We learned quickly in the game I played that if one pirate manages to get a heavily armed ship and upgrade its cannons, you basically shouldn't even bother to send your KC after him--- all you are doing is feeding him notoriety points. KCs can also go after pirate ports and destroy them, earning points for the KC's controller. Of course, you can suffer damage to your ship, hurting either your combat rating OR your speed.
The other important mechanic is retiring your pirate. This is how you actually turn all your booty and notoriety points into VPs, and eventually win the game. There are bonuses for retiring certain ways and notoriety points can be huge if you manage to retire your pirate in a way that results in double VPs.
Retiring is also not as easy as it sounds. You need to bribe a governor into being a safe haven for your pirate or get a letter of marque from a certain ruler allowing you to retire. You might have to find a pro-pirate governor, because the anti-pirate ones won't let you retire.
This part of the game also has a bit of a press your luck aspect, as it is easier to earn notoriety with a seasoned pirate in a tricked out ship than it is with a newbie in a schooner, but every turn your pirate is out at sea, you run the risk of him getting killed and losing you a lot of potential VPs. You still get some VPs if he is killed, just not as many as you would have gotten for retiring him.
The tactical parts of the game are pretty easy to grasp. You figure out fast what you should be trying to do and whether you will succeed at it in the short term. The meaty decisions of the game are what strategies to take with your pirates overall, such as two or three pirates operating at a time or all your eggs in one basket?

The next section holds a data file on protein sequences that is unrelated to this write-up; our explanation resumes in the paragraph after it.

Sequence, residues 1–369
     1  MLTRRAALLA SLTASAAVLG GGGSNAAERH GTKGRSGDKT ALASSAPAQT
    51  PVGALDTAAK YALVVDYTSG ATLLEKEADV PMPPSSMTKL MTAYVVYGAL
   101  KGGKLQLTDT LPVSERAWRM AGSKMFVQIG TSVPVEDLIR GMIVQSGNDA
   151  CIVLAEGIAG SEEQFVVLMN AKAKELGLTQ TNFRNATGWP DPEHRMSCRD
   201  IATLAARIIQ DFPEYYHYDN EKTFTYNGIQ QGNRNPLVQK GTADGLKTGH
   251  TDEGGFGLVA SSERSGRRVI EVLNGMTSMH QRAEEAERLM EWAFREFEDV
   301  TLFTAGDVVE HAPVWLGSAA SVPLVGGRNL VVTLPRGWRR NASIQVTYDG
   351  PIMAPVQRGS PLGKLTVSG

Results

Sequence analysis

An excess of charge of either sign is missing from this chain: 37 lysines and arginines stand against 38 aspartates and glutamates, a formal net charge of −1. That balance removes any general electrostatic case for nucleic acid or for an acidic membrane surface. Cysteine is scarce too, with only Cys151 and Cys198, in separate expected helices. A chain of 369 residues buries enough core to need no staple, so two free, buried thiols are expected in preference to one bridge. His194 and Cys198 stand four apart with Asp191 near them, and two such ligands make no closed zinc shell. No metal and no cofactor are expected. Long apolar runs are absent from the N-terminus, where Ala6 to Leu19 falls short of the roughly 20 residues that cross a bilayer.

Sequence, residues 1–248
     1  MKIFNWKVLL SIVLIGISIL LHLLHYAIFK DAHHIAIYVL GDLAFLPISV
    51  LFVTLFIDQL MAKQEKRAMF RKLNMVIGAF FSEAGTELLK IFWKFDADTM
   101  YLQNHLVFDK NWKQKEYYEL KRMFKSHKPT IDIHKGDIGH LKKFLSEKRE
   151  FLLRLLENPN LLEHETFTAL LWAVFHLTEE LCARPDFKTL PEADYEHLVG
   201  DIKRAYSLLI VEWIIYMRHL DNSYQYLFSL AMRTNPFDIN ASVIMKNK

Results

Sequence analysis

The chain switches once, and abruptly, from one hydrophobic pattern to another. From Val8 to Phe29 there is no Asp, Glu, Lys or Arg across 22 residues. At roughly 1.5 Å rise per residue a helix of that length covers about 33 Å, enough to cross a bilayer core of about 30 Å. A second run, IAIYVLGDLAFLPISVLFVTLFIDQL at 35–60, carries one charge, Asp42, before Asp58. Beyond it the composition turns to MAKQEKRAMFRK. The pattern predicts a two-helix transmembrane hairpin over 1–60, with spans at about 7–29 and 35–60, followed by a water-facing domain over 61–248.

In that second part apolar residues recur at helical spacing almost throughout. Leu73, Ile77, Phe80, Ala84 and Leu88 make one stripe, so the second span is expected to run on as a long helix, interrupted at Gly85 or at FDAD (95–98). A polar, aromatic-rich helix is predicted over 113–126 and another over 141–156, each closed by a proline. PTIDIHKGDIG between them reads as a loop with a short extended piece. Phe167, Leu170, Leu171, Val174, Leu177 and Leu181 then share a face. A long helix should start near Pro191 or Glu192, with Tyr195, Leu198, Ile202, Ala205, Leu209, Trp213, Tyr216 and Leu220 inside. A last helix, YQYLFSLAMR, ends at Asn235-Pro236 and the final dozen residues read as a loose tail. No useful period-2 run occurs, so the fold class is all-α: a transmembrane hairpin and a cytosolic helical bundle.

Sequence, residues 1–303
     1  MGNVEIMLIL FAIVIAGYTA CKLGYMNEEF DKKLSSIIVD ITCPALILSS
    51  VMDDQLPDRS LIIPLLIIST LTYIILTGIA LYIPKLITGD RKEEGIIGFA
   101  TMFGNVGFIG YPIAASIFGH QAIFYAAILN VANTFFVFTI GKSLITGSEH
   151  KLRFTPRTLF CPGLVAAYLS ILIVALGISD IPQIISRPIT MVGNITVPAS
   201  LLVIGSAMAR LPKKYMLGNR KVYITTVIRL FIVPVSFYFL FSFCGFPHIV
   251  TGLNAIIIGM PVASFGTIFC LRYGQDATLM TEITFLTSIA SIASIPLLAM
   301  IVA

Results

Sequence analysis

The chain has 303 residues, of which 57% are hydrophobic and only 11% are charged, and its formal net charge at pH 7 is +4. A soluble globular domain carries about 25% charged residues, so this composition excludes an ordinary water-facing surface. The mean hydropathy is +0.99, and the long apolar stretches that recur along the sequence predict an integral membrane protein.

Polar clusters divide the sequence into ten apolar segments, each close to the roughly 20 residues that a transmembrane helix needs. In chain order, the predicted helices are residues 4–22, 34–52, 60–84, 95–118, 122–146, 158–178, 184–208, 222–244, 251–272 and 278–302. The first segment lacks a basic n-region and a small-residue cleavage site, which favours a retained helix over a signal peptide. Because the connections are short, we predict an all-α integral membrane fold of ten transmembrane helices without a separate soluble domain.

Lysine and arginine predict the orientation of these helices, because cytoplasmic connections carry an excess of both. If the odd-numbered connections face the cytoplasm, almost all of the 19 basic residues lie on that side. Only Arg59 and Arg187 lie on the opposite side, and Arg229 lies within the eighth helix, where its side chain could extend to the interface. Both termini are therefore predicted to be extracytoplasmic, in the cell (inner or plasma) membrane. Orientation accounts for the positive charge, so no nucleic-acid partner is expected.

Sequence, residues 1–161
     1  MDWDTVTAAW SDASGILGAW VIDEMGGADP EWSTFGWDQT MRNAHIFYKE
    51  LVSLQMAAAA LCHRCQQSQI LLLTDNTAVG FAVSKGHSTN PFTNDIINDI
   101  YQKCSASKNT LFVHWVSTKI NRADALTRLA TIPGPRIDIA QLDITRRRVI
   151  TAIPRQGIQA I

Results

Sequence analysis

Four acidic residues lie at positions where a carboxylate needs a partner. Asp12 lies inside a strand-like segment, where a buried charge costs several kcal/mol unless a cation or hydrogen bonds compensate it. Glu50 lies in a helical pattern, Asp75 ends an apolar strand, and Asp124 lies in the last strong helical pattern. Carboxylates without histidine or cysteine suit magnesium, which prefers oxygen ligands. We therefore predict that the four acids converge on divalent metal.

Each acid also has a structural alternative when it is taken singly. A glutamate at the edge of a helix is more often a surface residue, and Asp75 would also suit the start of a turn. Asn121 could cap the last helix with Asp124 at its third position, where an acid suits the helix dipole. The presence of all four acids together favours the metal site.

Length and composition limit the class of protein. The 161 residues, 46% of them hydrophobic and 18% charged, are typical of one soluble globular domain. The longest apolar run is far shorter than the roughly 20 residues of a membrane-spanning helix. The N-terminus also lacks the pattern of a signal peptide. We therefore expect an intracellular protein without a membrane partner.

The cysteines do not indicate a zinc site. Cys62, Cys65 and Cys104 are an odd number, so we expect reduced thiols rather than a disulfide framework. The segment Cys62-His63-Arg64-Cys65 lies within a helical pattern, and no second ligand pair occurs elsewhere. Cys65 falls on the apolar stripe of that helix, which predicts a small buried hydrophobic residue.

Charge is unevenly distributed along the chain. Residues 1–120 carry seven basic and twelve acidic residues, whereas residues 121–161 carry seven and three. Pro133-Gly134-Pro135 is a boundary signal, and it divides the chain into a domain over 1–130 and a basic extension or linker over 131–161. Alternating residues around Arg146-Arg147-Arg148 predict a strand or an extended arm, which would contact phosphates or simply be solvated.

Further, will you try to build up one super famous indestructible pirate that the king's men fear, or build up a number of smaller pirates that can stay under the radar earning you points and retire one every few turns to score points?
This is the "gamey" sort of abstract VPs part of the game, but if you were to play this so many times that the evocative theme, interesting narrative, and chromed out gameplay wears off, this would probably be the part of the game that provides the most replayability.
Other cool stuff happens during the game. If your crew loyalty gets too low, a mutiny can occur, and if you don't pass a loyalty roll, result in a new pirate for your ship and the loss of a lot of your stuff!
Duels can also cause replace your pirate captain with a newbie from the deck or an opponent's hand. You can form pirate alliances and operate your pirates together as a two man team, getting bonuses but splitting rewards.
There is nothing so desperately monotonous as the sea, and I no longer wonder at the cruelty of pirates. - James Russell Lowell
Some people will gripe that the game has too much luck. The game does use a lot of dice, so you are minimizing risks to conserve your pool of rerolls, while maximizing your various victory point paths. The cunning rating of your pirate acts as rerolls, so the "luck" is just another resource to be appropriately managed in the game.